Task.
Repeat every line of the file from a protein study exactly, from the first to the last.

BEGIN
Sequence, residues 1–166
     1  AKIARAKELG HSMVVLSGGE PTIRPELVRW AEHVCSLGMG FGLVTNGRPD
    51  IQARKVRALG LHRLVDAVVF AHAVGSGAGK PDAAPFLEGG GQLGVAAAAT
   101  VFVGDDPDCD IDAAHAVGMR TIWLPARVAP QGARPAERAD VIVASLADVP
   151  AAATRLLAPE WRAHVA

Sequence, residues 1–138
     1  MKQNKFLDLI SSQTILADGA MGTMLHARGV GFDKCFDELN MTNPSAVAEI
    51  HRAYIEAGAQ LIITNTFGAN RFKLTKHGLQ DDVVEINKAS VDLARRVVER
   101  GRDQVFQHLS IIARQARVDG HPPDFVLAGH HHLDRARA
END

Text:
Sequence, residues 1–166
     1  AKIARAKELG HSMVVLSGGE PTIRPELVRW AEHVCSLGMG FGLVTNGRPD
    51  IQARKVRALG LHRLVDAVVF AHAVGSGAGK PDAAPFLEGG GQLGVAAAAT
   101  VFVGDDPDCD IDAAHAVGMR TIWLPARVAP QGARPAERAD VIVASLADVP
   151  AAATRLLAPE WRAHVA

Sequence, residues 1–138
     1  MKQNKFLDLI SSQTILADGA MGTMLHARGV GFDKCFDELN MTNPSAVAEI
    51  HRAYIEAGAQ LIITNTFGAN RFKLTKHGLQ DDVVEINKAS VDLARRVVER
   101  GRDQVFQHLS IIARQARVDG HPPDFVLAGH HHLDRARA